Managing a lean startup: a few golden rules

Given the rapid success often achieved by lean, innovative startups, the process of joining such crowd often seems easier than it is in reality. Ideas and business model aside, many of the issues associated with starting and managing a young startup are to do with budget and resource management.

 

Part of the reason for this is that many investment rounds are not always strong enough to back the initial progress of a company that’s likely to spend initially more money than it’s making, and it’s no surprise that 90% of today’s startups end up failing.

 

So to keep your head above water it’s essential to optimise spend from day one and avoid having to pay an endless list of monthly bills.

 

Remember that most of the software you’ll need to rely on will be paid for, and that you’ll need to pick  the right software – ie software that does exactly what you’re paying for – for the lowest price possible. Cloud services are generally agile and very affordable for startups, with some of them offering different plans depending on frequency and volume of data usage.

 

Ideally, you will want to pay for programmes that offers more than one task at once. For instance you’ll be looking for payroll software which allows you to manage time and schedules as well as keep your HR records up to date and easily accessible. Or you’ll be looking for project management tools which also offer direct ways of communicating with the team or exchanging vital files without having to send more emails.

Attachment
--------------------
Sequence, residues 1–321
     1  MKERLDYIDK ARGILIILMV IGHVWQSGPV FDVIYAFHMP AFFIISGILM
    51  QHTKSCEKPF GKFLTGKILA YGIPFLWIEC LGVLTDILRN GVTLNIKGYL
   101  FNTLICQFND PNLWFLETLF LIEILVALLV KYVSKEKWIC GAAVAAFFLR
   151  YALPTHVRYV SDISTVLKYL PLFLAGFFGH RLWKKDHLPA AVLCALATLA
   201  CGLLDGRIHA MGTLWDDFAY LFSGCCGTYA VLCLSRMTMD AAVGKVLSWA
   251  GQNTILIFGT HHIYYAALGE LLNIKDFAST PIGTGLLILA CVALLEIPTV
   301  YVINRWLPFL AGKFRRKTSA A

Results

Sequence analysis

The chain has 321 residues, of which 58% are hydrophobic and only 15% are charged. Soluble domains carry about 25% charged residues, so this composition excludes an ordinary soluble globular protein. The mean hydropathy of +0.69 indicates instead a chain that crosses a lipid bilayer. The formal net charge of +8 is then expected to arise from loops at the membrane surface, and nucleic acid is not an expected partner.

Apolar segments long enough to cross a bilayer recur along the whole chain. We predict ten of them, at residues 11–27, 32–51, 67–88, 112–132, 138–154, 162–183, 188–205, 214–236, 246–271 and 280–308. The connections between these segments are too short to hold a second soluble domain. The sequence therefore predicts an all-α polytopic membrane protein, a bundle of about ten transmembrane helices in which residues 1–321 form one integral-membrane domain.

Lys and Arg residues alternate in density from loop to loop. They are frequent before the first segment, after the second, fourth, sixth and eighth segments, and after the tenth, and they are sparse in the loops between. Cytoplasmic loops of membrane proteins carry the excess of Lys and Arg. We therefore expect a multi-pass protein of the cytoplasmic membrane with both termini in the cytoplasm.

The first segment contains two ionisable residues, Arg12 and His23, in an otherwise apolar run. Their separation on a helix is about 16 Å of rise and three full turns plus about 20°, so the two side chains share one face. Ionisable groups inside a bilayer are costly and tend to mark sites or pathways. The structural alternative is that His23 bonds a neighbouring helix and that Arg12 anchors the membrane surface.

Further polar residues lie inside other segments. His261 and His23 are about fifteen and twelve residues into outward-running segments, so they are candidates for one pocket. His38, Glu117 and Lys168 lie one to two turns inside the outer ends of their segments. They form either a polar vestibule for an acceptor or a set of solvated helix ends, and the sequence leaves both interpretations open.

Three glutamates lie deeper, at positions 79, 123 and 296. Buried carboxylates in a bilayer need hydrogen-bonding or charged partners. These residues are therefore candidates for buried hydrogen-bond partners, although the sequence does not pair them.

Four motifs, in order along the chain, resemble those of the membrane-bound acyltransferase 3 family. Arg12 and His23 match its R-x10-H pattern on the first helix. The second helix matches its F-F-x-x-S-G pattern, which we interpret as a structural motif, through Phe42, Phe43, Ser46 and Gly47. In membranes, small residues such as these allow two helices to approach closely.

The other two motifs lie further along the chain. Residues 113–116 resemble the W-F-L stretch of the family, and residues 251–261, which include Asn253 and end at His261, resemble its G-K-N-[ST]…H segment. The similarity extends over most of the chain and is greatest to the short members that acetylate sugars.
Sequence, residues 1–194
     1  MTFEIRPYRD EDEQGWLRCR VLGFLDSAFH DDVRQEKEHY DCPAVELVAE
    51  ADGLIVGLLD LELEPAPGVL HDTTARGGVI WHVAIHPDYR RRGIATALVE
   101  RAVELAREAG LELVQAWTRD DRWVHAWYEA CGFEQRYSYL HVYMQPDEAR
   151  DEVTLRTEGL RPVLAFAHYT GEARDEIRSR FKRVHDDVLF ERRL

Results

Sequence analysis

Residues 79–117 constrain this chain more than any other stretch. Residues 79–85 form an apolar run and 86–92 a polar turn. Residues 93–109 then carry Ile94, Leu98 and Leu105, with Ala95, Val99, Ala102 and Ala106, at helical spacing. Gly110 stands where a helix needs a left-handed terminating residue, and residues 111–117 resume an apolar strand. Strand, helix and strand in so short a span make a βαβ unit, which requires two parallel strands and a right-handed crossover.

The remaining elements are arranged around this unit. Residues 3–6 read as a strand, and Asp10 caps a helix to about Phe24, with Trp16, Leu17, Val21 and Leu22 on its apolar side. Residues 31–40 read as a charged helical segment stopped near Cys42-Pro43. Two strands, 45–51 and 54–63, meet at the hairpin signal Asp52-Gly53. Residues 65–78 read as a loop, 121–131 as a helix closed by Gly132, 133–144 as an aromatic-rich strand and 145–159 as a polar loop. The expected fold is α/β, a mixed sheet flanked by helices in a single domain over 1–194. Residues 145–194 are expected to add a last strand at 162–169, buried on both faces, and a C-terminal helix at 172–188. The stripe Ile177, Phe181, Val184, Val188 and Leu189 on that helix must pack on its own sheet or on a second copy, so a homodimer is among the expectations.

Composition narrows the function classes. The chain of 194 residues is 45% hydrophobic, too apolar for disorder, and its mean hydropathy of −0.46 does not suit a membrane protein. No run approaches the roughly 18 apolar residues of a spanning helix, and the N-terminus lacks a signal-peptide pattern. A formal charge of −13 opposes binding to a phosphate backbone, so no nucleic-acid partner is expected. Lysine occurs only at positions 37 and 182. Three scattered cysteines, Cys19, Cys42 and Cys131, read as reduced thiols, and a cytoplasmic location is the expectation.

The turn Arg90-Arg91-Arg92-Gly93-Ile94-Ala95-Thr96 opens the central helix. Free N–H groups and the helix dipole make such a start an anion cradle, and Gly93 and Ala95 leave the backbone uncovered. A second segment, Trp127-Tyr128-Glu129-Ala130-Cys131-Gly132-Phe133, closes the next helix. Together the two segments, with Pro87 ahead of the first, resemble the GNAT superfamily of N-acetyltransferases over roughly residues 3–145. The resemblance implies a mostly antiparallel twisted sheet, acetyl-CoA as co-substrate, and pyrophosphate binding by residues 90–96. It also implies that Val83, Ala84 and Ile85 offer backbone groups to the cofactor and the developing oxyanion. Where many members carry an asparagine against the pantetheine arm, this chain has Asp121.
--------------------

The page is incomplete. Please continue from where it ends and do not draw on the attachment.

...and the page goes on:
For what concerns the recruitment process, you shouldn’t overspend on staff soon after the first round of investment or you’ll find it hard to scale down if you’re going through a turbulent period. Just hire as soon as the need for a specific figure becomes evident, and only when you’re sure he/she will be the best candidate to solve some of the issues the company is facing.

 

You should also make sure that team members don’t end up working alone on vital projects: an analyst will always need an operational counterpart, for instance a developer or marketing executive, depending on the area of business. Likewise, execs will need to be able to make bold and innovative decisions without always having to rely on the guidance of often busy managers.
All of our tips will sure be useful as a starting point, but we’re only about scratching the surface: the startup world is an incredibly complex and unpredictable one.

 

If you have a great business model and would like to keep exploring the ways to succeed world of lean startups our best advice is to follow the priceless advice of Eric Ries, the most authoritative voice in a very unique business environment.

 

 

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